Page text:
7 Things to Do to Boost the Impact of Your Research Paper
You’ve done the hard part. You’ve designed the study, collected and analysed the data, and published your findings. Whether it’s your first or your fiftieth, it’s a great achievement.
The other experts in your niche might read it, but how do you get your research to a broader audience and make a real difference?
This post will give you a quick rundown of exactly what you need do to boost the impact of your next scientific paper.
1 - Make a video abstract
Similarly to how a movie poster entices people to watch the movie, a video abstract entices people to read your paper.
Video Abstracts Make a Difference and are a great way to communicate the story of your research quickly and effectively.
In about 90 seconds, you can hook-in your audience and compel them to actually read your paper to learn more.
Use it in media releases, on social media, your lab’s website, grant applications and more: Animated Video Abstracts Make Your Research Fly!
*IMPORTANT: Video abstracts can take time to produce, so get started ahead of time to ensure that your video abstract is ready to go on publication day.
2 - Make a graphical abstract
A graphical abstract is a visual summary of a written abstract.
With some images and text, graphical abstracts are powerful attention-grabbers on social media, in media releases, grant applications and more.
You don’t need to take our word for it, research has shown that promoting a paper with a graphical abstract does lead to more article visits (Ibrahim 2017).
To find out more about the different types of graphical abstracts, and how you can make your own read our blog on How to Master the Latest Trend in Publishing.
If you’re feeling creative, get some inspiration from Our Favourite Graphical Abstracts.
3 - Post to social media
Twitter is the #1 social network used by the scientific community and a great place to share your research.
When used correctly to promote your research, Twitter can Predict and Boost Your Citations.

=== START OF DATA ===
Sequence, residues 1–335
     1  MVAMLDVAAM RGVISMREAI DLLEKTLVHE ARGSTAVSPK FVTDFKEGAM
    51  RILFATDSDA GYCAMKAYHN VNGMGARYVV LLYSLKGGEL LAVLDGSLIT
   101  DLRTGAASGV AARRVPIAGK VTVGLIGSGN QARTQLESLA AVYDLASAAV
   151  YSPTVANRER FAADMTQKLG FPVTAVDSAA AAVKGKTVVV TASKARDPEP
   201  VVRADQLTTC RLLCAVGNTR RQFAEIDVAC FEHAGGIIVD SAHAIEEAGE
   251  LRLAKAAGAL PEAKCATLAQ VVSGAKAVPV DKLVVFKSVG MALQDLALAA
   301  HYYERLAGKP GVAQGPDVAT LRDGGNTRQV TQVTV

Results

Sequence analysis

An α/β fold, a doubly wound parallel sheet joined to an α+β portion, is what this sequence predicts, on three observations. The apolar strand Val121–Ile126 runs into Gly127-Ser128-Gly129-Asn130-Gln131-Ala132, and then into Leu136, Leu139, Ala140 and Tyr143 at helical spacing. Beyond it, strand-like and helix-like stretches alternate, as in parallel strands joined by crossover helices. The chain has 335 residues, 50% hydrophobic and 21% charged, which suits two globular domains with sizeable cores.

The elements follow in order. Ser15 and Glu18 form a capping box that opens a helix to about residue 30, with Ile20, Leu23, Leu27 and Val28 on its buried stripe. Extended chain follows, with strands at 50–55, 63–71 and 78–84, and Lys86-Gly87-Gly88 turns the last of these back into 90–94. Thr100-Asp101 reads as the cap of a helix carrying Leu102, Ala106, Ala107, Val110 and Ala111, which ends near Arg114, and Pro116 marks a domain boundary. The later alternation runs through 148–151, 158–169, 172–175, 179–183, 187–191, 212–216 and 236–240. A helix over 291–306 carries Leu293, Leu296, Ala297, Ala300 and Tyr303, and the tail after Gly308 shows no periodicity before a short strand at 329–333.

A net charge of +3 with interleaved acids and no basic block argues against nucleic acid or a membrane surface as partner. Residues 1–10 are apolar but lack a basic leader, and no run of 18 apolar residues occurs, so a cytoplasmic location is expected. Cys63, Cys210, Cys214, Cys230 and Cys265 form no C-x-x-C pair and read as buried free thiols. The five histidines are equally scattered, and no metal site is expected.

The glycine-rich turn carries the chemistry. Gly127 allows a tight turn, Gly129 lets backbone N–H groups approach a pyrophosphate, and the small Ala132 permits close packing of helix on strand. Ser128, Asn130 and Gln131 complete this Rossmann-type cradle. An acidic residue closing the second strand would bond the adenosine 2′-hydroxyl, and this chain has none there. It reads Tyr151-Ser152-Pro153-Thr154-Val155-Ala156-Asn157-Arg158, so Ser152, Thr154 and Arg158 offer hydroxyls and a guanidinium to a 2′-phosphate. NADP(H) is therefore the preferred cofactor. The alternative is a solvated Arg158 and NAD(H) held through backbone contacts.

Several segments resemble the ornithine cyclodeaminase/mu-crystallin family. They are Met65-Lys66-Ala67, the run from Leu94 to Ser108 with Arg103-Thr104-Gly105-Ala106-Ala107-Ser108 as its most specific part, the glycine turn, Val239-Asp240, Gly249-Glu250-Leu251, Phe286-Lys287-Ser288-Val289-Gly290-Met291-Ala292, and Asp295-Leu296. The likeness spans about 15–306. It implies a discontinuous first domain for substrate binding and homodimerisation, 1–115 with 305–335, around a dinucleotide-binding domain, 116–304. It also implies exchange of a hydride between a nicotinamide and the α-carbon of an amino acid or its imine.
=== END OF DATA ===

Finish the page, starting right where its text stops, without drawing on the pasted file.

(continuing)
Feeling a bit lost in the noise? How to get the most out of your social media is easy, with our short Guide To Twitter Mastery For Academics.
4 - Write a media release
There are many good reasons to write a media release to promote your research.
In fact, there are 7 Reasons Why You Should Write A Media Release For Your New Paper, and each one can help to boost your impact.
A great way to get picked up by the media is to include a video abstract in your media release, because journalists favour stories that contain video content they can use for free.
5 - Present at conferences
We don’t need to tell you that conferences are a great way to promote your research and to make new contacts.
But we both know that preparing for a conference can be a pain. Well, take the stress out of making your scientific poster with our guide: How to Design an Award-Winning Conference Poster.
Pressed for time? No worries, turn heads and make a splash with our Free Stunning Conference Poster Templates.
Preparing for an oral presentation? We’ve got you covered too. Tell Them a Story: How to Avoid the Standard Boring Presentation.
Tweeting during a conference is another way to make new connections and get the most out of your time (as well as capitalising on the free travel 😉). However, what to tweet isn’t so obvious: check out our Do’s and Don’t in How to use Twitter at Conferences.
6 - Get onto blogs
Do you, your colleagues or your institution have an established blog? Great! Just like anybody else on the internet, they are probably looking for good content.
Consider starting your own blog. With tools like Wix and Squarespace, creating a blog is a breeze - and even free! Check out this article, for a nice overview of why and how to start an academic blog.
7 - Apply for awards
There are several research communication competitions out there, including Visualise Your Thesis: hosted by the University of Melbourne.
Thinkable has become the leading online platform for outreach competitions and funding competitions. It hosts a wealth of competitions in various disciplines; check out what’s on.
Fun fact: The Director of Animate Your Science, Dr Tullio Rossi, started his journey into science communication with a video abstract that won an award on Thinkable!
You can watch it 👇
The bottom line is, there are many competitions our there - use them to your advantage.